ByEleanor Tremeer, writer at
MP staff. I talk about Star Wars a lot. Sometimes I'm paid for it. Twitter: @ExtraTremeerial | Email: [email protected]
Eleanor Tremeer

As an adaptation of a beloved and groundbreaking classic anime movie, Hollywood's Ghost In The Shell was always going to invite criticism. But when Scarlett Johansson's casting was announced this sparked a fierce debate about whitewashing, with people divided as to whether this was a problem or not. Now that has been released, Rupert Sanders has certainly proven himself to be a visionary director, as the live action film deftly develops and adapts the anime movie's already stunning style.

The plot is part adaptation, part new story, radically changing who the Major is, and how she questions her identity. In the original anime, Major Motoko Kusanagi's journey is heavily existential, as she tries to discover who she is — the ghost of her consciousness, or her robotic shell body. Scarlett Johansson's Major is not so concerned with philosophical quandaries, but is rather hunting down her past, trying to find out who she was before her brain was placed in the shell.

The 2017 film is rather more simple in its approach to the Major's identity, and we are lead with her as she unearths the secret of her origins — her brain belonged to a young Japanese woman named Motoko Kusanagi, who was kidnapped and forced to take part in this experimental program. (Naturally, this only complicates the race issues, especially as the Major is frequently referred to as the next step in evolution, leading us to wonder why the scientists made her white... but I digress.)

The way the movie plays out suggests that the Major is Motoko, as she has her memories and refers to her past self as "I". And as we discover who she was, only more questions are raised about Motoko, and why she ran away. Crucially, we're also left wondering who the group of people were that Motoko fell in with — which is why Ghost In The Shell shouldn't get a sequel, but a prequel. Or perhaps both at the same time.

Evolving The Major, Discovering Motoko

If there something lacking in the live action Ghost In The Shell, it's the philosophical exploration that the 1995 movie was infused with.

The Major on a mission. [Credit: Paramount]
The Major on a mission. [Credit: Paramount]

Scarlett Johansson's Major is so obsessed with following her flashes of memory back into her past, that we lose a lot of Motoko's existential and cartesian ponderings that made the 1995 anime so groundbreaking. In the original, Motoko questions whether she is her cybernetic brain or her robotic shell, whether her consciousness makes her human or something new — and she discusses these questions at length. Unfortunately, we only get a hint of this in the live action Ghost In The Shell, but there's still plenty of time to explore this in sequels.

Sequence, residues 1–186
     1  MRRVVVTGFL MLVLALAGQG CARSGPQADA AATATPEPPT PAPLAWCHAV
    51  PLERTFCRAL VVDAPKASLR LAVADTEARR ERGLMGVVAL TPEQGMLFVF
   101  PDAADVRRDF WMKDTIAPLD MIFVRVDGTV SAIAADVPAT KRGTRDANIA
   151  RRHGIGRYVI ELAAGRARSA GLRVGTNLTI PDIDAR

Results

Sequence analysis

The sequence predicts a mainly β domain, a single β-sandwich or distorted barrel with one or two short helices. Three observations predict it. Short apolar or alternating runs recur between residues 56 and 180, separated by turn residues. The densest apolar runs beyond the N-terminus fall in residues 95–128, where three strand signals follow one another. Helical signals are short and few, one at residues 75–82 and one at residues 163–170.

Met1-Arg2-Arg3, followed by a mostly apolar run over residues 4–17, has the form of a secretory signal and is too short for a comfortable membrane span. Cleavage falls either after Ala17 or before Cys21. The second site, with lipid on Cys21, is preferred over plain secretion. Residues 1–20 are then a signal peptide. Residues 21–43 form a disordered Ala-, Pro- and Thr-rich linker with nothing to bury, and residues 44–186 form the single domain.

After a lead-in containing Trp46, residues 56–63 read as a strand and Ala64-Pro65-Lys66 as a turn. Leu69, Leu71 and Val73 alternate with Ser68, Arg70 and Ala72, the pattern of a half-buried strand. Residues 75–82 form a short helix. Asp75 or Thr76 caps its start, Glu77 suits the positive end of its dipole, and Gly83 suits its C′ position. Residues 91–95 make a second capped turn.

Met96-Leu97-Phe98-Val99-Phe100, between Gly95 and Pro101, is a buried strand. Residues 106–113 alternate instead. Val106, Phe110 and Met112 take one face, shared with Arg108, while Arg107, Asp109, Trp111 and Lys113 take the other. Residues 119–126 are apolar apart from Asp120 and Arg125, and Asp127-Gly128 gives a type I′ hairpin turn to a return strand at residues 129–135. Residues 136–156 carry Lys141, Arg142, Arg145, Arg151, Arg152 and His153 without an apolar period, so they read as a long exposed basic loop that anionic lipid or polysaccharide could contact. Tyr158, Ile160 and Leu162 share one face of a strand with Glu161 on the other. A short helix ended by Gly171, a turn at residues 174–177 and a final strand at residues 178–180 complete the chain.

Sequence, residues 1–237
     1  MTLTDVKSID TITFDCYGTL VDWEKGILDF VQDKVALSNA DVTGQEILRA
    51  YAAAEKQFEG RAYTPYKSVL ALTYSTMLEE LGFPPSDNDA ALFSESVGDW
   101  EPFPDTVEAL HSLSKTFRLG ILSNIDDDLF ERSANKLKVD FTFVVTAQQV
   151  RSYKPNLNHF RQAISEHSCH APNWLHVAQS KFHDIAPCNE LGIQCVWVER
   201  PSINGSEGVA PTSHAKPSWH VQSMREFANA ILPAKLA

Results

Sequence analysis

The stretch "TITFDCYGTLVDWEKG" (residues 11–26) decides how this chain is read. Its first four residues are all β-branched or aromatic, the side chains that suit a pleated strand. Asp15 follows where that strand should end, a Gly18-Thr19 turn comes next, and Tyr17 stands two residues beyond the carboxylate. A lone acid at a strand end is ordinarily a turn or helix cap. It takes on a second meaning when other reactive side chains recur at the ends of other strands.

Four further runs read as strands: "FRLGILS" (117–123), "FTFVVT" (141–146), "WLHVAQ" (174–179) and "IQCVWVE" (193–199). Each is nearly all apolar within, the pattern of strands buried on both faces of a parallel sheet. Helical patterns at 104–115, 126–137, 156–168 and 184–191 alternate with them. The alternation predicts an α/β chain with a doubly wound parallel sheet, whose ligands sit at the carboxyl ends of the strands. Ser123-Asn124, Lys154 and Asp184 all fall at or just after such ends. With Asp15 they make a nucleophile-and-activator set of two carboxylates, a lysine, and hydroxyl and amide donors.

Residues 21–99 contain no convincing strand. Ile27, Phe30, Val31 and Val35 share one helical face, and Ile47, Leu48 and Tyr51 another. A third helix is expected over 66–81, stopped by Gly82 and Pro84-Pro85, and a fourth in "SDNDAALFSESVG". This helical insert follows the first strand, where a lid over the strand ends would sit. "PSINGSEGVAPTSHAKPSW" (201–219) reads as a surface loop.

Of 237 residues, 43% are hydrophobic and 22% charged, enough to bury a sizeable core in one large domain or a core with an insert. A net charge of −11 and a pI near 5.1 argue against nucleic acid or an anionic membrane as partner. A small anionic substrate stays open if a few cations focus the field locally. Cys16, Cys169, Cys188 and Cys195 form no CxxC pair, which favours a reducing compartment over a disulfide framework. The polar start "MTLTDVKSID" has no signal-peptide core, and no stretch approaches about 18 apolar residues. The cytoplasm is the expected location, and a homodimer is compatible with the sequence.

At the same time, we should look back on who Motoko was, and why she chose to live a dangerous life in the Lawless Zone. Her mother told the Major that Motoko was radically opposed to technology, which was apparently a borderline criminal view to hold in this tech-obsessed world. The anime made many comments on how cybernetic enhancements limited a person's agency and autonomy, as parts of them were owned by corporations — this especially applied to agents of Section 9.

By following Motoko's story, there's the opportunity here to paint her as an activist, or as someone who found out a terrible secret about these cybernetics, and what they mean for the people who choose to enhance themselves.

Sequel, Prequel, Or Both?

So how could a followup movie pick up on both these threads? There could always be two movies — one prequel and one sequel — which would expand the universe somewhat. But it would be very interesting to see the two storylines converge in one movie, which simultaneously showed Motoko's journey as the Major investigates a case that leads her into the same web of conspiracy that Motoko may have fallen into.

Dual timelines are always fascinating to see, and this would also allow a followup movie to show the difference between the Major and Motoko, leading to some of the existential questions from the original anime — as the Major fully embraces her new identity and questions if she's more cyborg than human.

The Major experiences a different kind of network. [Credit: Paramount]
The Major experiences a different kind of network. [Credit: Paramount]

Ultimately though, the merit of looking back to Motoko is that this would go a long way to repairing the racial issues that Ghost In The Shell is fraught with. Instead of erasing a Japanese woman and replacing her with Scarlett Johansson's Major, this prequel/sequel could make Motoko another protagonist — and having two parts of the Major's identity actively driving the story would rival the anime's philosophical complexity.

Of course, this is just an idea. Ghost In The Shell introduced us to a gorgeous, exciting, and dangerous world that is ripe for sequels to explore. More movies could delve into the culture of cyborg enhancement, or have the Major embark on a totally new mission that takes the franchise in fascinating directions. In any case, it'll be interesting to see what happens next — if Paramount even decides to pursue sequels. But with the Japanese Ghost In The Shell franchise stretching from manga to anime TV shows to film, there's no doubt that this is a narrative just itching for more exploration.


What would you like to see from 'Ghost In The Shell' next?

[Poll image credit: Paramount]


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